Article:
BOX 1 & 2


1. The macro level of analysis refers to the large scale or long term social structures and processes in a society.

2. The micro level of analysis refers to the details of individuals’ experiences – what they do and say in their everyday lives.

3. It is important that these not be seen as opposed or that we have to choose between them: a full understanding of one level can only be reached through insights gained from the other.

4. For example, macro analysis is essential if we are to understand the institutional background to day-to-day life. The way in which people live their everyday lives is greatly affected by such `macro’ issues as the level of development in the society, the overall economy, the state and political processes etc.

5. Conversely micro studies can help us understand broad institutional patterns. Face-to-face interaction is basic to all forms of social organization. All institutions – work, education, the legal system, the family, medical care, etc., can be seen as being continually ‘recreated’ or ‘reproduced’ at a micro level in the mundane interactions through which they are experienced.


The contribution which macro- and micro- perspectives can provide can be illustrated through an examination of how sociologists might investigate the issue of unemployment and the economic system.

1. A macro perspective might wish to consider unemployment at an aggregate level, looking particularly at the overall rates for unemployment and possible reasons why these change within a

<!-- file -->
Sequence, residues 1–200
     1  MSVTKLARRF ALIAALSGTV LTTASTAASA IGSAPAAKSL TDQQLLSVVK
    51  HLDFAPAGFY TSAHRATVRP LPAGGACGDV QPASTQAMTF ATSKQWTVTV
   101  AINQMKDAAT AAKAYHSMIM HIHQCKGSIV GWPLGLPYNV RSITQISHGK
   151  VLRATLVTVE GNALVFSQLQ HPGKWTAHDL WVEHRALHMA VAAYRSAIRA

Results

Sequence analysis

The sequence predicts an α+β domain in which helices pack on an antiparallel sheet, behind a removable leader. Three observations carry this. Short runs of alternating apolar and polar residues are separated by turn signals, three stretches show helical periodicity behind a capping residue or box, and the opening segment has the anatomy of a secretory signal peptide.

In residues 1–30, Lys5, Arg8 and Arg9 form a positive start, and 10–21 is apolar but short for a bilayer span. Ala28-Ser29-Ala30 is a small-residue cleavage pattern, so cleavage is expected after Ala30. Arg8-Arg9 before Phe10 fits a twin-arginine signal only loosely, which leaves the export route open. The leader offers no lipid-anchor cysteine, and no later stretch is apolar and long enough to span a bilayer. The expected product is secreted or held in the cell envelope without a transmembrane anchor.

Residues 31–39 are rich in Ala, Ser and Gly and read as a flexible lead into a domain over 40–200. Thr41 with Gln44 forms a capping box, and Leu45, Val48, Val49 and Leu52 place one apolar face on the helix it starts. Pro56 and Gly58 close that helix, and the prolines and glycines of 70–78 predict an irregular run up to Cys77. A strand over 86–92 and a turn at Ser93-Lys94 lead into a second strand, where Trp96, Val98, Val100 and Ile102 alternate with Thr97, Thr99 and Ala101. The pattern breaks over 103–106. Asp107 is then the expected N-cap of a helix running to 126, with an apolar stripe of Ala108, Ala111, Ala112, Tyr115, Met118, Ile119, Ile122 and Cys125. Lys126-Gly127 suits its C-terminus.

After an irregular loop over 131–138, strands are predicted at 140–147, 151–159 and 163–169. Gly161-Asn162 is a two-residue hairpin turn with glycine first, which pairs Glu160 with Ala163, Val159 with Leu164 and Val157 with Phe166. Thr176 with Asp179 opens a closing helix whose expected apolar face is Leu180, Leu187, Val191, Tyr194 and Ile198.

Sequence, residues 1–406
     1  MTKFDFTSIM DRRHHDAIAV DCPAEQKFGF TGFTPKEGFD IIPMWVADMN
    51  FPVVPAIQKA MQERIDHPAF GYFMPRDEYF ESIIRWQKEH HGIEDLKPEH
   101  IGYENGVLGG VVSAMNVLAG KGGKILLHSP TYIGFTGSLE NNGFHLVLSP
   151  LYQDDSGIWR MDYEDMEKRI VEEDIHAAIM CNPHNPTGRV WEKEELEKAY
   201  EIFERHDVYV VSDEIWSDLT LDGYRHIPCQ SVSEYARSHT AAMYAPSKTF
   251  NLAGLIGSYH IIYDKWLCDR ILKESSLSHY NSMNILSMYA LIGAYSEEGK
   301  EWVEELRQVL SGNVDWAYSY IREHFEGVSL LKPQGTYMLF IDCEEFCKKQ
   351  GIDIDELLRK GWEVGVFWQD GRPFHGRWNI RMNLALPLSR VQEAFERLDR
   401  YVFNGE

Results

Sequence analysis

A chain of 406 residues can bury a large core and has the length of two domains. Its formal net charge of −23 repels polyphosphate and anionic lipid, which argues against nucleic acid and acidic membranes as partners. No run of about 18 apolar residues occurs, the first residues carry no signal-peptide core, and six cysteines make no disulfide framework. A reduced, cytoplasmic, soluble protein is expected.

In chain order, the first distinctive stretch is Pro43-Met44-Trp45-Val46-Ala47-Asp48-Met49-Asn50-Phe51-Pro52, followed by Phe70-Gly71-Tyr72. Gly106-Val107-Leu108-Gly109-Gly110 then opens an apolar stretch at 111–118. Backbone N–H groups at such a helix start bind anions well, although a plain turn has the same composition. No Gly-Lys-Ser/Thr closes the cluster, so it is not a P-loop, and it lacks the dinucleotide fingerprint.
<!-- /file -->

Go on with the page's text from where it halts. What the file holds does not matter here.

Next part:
given country and why different societies experience quite different rates at any given time.

2. For example, in a comparison of OECD nations, the Swedish sociologist Goran Therborn has convincingly shown that high rates of unemployment are not inevitable or automatic. During the 1980s when unemployment first began to exceed 10% in many countries, other countries were able to keep the level below 2%. The crucial factor here was government policies specifically designed to address the issue.

3. In general terms then, a macro sociological perspective sees unemployment levels as crucially shaped not only by other economic factors but by political decisions. This is in contrast to both commonsense and media portrayals where economic forces are generally seen as intractable as the weather, as something we experience as fixed or external and as constraining our behaviour.

4. A micro perspective might want to examine the experience of unemployment and its occurrence and consequences amongst specific sub-groups in society: youth in general, street-kids, particular ethnic or racial groups. Research here may well employ qualitative or ethnographic methods in an attempt to discover the day to day realities of unemployment.

5. Micro level research on case studies of unemployment has documented the links between long term unemployment and such things as loss of self image, crime and delinquency, drug use and even suicide. It also suggests that the unemployed remain unaware of the connections between their own lives and the wider economic forces and processes which ultimately determine their fate.